Saturday, May 12, 2018

A STUDY IN TERROR On Blu-ray From Mill Creek

A STUDY IN TERROR is a 1965 British film that brings together Sherlock Holmes and Jack the Ripper. The movie has been released on Blu-ray from Mill Creek Entertainment.

In 1888 London, Sherlock Holmes (John Neville) receives a surgical kit in the mail, postmarked from the district of Whitechapel. It is in that district that a number of horrid murders of prostitutes have been perpetrated, and Holmes becomes embroiled in the case. The Great Detective's investigations lead him to come face to face with the man known as Jack the Ripper.

A STUDY IN TERROR is a mixture of English Gothic, Holmesian mystery, and Ripperology. The idea of Holmes facing off against the Ripper is about as high concept as you can get, and it's no surprise that exploitation film mavens Herman Cohen and Tony Tenser were involved in the production.

The movie has several of the same elements found in other cinematic outings featuring Jack the Ripper--footsteps echoing on wet cobblestone streets, a mysterious man wearing a cloak and a top hat while skulking about carrying a doctor's bag, prostitutes who look like fashion models, and down-and-out denizens of Whitechapel. The Ripper murders included here are quite brutal--one of them, taking place in a water trough, reminds one of a killing in a bathtub shown in Mario Bava's BLOOD AND BLACK LACE. Another one also has a giallo tone to it, as a subjective camera follows English Gothic hottie Edina Ronay up to her room, and she seduces "us" right before she is done away with.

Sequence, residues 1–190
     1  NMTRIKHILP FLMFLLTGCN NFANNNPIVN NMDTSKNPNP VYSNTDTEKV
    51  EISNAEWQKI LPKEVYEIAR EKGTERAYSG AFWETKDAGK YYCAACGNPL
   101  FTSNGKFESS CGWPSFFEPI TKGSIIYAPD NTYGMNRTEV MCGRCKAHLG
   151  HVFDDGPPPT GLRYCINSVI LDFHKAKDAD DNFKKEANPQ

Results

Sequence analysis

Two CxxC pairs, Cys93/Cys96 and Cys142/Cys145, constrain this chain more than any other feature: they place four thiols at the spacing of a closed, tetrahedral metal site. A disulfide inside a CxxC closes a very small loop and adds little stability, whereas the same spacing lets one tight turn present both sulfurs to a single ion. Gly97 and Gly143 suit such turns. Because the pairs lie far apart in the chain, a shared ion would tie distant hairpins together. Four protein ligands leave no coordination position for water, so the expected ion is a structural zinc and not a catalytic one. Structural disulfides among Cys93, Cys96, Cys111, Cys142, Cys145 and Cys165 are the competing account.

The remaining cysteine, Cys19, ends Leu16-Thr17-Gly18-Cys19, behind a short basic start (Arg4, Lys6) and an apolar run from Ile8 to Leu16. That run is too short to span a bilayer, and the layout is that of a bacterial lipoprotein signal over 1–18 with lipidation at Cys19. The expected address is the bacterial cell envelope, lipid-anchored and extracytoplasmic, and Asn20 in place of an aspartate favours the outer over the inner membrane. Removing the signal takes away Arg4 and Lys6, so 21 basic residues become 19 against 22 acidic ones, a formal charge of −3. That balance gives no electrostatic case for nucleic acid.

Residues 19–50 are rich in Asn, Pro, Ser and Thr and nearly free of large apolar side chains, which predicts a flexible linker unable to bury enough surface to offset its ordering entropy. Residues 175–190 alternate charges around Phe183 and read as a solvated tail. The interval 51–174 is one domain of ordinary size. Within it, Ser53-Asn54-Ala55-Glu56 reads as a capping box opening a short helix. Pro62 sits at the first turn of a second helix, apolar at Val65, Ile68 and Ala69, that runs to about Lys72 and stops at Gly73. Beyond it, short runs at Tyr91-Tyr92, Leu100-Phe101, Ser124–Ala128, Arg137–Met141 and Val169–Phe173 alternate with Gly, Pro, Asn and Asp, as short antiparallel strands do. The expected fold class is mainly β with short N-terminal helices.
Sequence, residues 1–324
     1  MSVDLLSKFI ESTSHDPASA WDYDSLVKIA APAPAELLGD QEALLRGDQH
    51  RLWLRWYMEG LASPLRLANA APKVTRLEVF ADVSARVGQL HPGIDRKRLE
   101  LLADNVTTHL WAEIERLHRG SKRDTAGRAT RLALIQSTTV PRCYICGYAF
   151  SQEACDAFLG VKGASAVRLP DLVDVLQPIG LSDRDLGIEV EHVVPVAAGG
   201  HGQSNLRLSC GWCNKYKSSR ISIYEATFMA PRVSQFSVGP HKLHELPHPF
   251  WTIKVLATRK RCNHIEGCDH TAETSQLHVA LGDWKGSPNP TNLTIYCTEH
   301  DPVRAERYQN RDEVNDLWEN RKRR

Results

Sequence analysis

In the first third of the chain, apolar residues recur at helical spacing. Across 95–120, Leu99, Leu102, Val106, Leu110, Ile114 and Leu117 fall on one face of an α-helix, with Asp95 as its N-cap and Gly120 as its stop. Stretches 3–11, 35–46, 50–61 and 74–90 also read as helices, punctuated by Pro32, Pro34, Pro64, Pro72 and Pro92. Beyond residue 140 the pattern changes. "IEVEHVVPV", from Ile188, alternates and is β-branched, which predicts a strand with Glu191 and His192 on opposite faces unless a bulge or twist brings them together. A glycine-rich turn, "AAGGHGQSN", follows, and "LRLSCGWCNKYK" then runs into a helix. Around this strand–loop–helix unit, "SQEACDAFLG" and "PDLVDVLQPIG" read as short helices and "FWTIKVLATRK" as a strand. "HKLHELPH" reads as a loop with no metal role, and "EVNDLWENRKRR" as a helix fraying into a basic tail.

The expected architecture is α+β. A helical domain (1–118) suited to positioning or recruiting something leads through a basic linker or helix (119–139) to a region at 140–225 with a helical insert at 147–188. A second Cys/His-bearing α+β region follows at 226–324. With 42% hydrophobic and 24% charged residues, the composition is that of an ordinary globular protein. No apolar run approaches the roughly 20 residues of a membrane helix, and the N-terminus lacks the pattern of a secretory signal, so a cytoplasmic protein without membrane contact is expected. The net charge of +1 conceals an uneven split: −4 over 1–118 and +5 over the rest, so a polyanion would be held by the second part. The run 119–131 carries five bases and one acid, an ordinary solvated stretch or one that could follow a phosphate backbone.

The murders are such a contrast with the scenes involving Holmes that it's almost if they come from different films. John Neville was a distinguished stage actor instead of a movie star, and his Sherlock has been reconfigured into a more mainstream action-oriented leading man. Holmes' eccentricities have been toned down here, but Neville does get to utter many of the Great Detective's famous quotes. This Sherlock also happens to be a rather sharp one point Holmes & Watson sport white tie and tails while frequenting a notorious East End tavern. I wouldn't say that Neville is a great Holmes, but I think his performance works within the context of this movie. Donald Houston is Watson, and he plays the Doctor as an old-fashioned fuddy-duddy who seems embarrassed just saying the word "prostitute". Robert Morley is excellent casting as Mycroft Holmes, but the character is portrayed in a almost comedic manner.

One thing A STUDY IN TERROR does have is period atmosphere--director James Hill lays it on rather thick at times. The production design, art direction, and costumes are all first-rate, and cinematographer Desmond Dickinson gives everything a colorful visual flourish. The convoluted story presents a number of red herrings, such as Anthony Quayle as a doctor running an East End charity ward (a very young Judi Dench is his assistant). Adrienne Corri has a small role as the disreputable woman who holds the key to the murders, but she makes a big impression.

Mill Creek presents A STUDY IN TERROR in 1.85:1 anamorphic HD widescreen, and this very colorful film looks fantastic here. As usual with this company, there's no extras--but as you see in the picture above, the Blu-ray comes with a cover sleeve that has different artwork than the actual case. Because this movie has so many classic British horror elements, it cries out for a commentary from someone like Jonathan Rigby.

What holds A STUDY IN TERROR back from being a great film is the inconsistency between the gruesome murders of the streetwalkers and the somewhat lighthearted tone behind Holmes' activities. (A more serious attempt at a Holmes-Ripper story is MURDER BY DECREE.)  I still think it's worth seeing--and this Blu-ray (which can be had now for about $10) is a good buy. The movie has plenty to offer for fans of English Gothic cinema.

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